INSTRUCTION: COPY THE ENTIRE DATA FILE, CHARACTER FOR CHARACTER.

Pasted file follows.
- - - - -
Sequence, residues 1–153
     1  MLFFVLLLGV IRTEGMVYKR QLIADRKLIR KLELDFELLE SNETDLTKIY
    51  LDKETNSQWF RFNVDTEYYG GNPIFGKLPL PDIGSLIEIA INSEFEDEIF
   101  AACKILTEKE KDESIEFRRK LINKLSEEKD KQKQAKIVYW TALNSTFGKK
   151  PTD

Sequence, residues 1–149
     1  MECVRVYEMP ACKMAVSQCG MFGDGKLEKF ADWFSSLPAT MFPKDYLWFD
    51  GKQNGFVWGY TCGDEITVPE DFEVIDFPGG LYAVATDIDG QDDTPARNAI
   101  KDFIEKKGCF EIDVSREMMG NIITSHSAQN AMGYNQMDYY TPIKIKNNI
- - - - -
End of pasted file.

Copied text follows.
Sequence, residues 1–153
     1  MLFFVLLLGV IRTEGMVYKR QLIADRKLIR KLELDFELLE SNETDLTKIY
    51  LDKETNSQWF RFNVDTEYYG GNPIFGKLPL PDIGSLIEIA INSEFEDEIF
   101  AACKILTEKE KDESIEFRRK LINKLSEEKD KQKQAKIVYW TALNSTFGKK
   151  PTD

Sequence, residues 1–149
     1  MECVRVYEMP ACKMAVSQCG MFGDGKLEKF ADWFSSLPAT MFPKDYLWFD
    51  GKQNGFVWGY TCGDEITVPE DFEVIDFPGG LYAVATDIDG QDDTPARNAI
   101  KDFIEKKGCF EIDVSREMMG NIITSHSAQN AMGYNQMDYY TPIKIKNNI